Born in Tortosendo.
Raised in Montreal.
Based in Toronto.
I had a course with an Anglophone professor who was interested in Africa. But he didn’t speak or understand Portuguese. He was fascinated with Amílcar Cabral. So he would tell me: “It would be good if you read something.” And that’s where my interest in Africa started – José Curto.
Raised in Tortosende in central mainland Portugal and in Montreal’s Portuguese community, José Curto’s multilingualism would shape his intellectual interests and career as an eminent historian of Angola and the Portuguese transatlantic slave trade. A professor in the Department of History at York University, his prolific work has drawn multiple graduate students from various Lusophone countries to di their graduate studies under his supervision.
José Curto was born in 1957, in Tortosendo, a village in a mountainous region of central mainland Portugal. Ten years later, he moved with his parents to Montreal. They settled in the Saint-Laurent neighbourhood, where many Portuguese immigrants lived. Curto grew up in the midst of Montreal’s Portuguese community, where he was able to maintain his native language, which he spoke at home with his parents. He learned English at his Anglophone Catholic school and French from his interactions with Francophone Montrealers.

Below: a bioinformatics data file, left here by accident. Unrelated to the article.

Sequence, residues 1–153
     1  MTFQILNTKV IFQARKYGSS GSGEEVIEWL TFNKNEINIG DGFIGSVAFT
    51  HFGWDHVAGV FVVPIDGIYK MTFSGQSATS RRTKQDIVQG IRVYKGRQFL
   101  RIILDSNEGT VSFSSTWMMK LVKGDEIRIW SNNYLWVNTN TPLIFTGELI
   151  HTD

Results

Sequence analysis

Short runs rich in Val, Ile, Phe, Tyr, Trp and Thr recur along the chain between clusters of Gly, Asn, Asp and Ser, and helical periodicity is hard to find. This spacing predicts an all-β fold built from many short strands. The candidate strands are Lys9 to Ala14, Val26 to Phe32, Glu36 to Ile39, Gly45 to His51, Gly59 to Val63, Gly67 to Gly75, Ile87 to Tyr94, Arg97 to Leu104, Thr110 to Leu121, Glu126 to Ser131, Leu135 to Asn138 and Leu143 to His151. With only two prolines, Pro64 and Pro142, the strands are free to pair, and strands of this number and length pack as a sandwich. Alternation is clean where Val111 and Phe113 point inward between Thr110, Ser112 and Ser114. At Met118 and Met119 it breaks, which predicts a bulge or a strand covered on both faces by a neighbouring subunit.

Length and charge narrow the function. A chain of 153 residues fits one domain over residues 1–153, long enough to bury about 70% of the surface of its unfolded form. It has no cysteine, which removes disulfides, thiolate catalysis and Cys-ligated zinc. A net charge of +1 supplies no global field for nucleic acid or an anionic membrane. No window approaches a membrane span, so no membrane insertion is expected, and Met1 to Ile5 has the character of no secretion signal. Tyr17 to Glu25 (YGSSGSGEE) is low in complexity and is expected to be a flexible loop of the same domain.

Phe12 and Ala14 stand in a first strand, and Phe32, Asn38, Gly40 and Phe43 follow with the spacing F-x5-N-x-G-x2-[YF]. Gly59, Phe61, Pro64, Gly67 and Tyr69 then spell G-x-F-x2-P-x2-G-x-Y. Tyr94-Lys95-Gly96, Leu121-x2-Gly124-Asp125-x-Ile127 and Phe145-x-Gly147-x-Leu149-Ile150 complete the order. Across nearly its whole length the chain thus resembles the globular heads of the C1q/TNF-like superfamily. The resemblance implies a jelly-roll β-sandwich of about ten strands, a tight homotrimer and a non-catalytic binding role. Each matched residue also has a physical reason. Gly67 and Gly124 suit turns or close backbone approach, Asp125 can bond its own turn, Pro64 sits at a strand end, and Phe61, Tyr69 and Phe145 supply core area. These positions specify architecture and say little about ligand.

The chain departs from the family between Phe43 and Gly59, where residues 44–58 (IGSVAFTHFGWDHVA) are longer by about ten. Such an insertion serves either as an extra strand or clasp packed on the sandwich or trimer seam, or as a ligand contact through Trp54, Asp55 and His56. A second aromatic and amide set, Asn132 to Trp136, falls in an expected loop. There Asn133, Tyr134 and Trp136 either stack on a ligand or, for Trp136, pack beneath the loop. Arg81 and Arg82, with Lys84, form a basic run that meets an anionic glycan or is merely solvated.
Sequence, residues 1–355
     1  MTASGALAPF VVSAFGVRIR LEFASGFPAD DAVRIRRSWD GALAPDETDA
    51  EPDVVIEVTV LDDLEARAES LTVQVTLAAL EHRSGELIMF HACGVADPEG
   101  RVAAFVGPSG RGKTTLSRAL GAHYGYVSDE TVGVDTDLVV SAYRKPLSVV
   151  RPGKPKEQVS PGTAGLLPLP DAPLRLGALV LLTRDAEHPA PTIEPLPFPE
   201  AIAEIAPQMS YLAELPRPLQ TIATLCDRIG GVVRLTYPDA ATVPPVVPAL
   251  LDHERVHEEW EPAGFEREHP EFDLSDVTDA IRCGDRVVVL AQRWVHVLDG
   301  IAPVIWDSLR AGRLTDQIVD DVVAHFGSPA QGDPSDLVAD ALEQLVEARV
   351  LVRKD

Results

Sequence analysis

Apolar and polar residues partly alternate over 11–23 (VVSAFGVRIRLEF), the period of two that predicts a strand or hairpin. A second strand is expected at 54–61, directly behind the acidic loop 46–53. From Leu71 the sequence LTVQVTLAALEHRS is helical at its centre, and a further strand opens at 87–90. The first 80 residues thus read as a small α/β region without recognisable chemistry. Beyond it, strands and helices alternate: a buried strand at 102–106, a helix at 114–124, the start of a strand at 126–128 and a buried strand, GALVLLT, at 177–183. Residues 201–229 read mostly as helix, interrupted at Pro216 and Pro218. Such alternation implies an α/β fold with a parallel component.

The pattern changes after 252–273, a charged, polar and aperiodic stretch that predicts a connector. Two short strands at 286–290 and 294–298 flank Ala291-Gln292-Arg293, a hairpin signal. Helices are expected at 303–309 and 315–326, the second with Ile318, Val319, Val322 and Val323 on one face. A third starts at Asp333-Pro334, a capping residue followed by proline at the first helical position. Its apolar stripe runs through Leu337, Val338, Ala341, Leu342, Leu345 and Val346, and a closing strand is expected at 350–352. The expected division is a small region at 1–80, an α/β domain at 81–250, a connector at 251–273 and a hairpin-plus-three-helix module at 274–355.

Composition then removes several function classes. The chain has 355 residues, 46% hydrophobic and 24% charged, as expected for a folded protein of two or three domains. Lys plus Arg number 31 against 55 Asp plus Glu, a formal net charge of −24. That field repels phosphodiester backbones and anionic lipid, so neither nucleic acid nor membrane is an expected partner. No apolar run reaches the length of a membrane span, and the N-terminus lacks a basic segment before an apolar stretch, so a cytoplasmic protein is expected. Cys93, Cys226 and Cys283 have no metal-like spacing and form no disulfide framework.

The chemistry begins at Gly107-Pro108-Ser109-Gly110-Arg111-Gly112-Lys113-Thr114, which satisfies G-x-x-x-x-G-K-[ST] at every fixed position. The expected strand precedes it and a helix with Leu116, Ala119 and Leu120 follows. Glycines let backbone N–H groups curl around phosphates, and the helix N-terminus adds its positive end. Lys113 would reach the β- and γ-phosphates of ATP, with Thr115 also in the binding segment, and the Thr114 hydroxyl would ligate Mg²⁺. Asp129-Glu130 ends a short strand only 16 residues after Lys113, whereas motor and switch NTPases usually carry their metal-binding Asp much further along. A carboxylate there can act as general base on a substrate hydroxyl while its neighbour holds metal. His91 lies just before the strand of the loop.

Curto’s ability to speak multiple languages would in large part determine his future interest in African history. During his undergraduate studies at Concordia University, one of his professors was fascinated with the Cape Verdean anti-colonialist intellectual and revolutionary Amilcar Cabral. The professor, who could not read Portuguese, asked Curto to read Cabral’s works. This got him interested in the history of the former Portuguese colonies in Africa, especially Angola and the transatlantic slave trade.
After completing his Bachelors of History in 1981, Curto moved to Los Angeles to continue his graduate studies at the University of California. There he obtained Master and Ph.D. degrees in History. After finishing his doctoral studies in 1996, he worked as an instructor and sessional faculty member in multiples universities, including Alberta, Guelph, Trent, and York. In 2003, he became an Assistant Professor in the Department of History at York University, where he is now a full Professor.
Throughout his academic career, Curto has produced numerous journal articles, chapters, books, and edited volumes in English and Portuguese; supervised a large number of graduate students, including many from Lusophone countries; received multiple distinctions and awards; and held important administrative roles in different research centres and associations, including the Harriet Tubman Institute, the Canadian Association of African Studies, and the Lusophone Studies Association. Curto’s research, archival work, and teaching has made him an eminent historian of Angola and the Portuguese transatlantic slave trade of the sixteenth and nineteenth centuries.
Hora dos Portugueses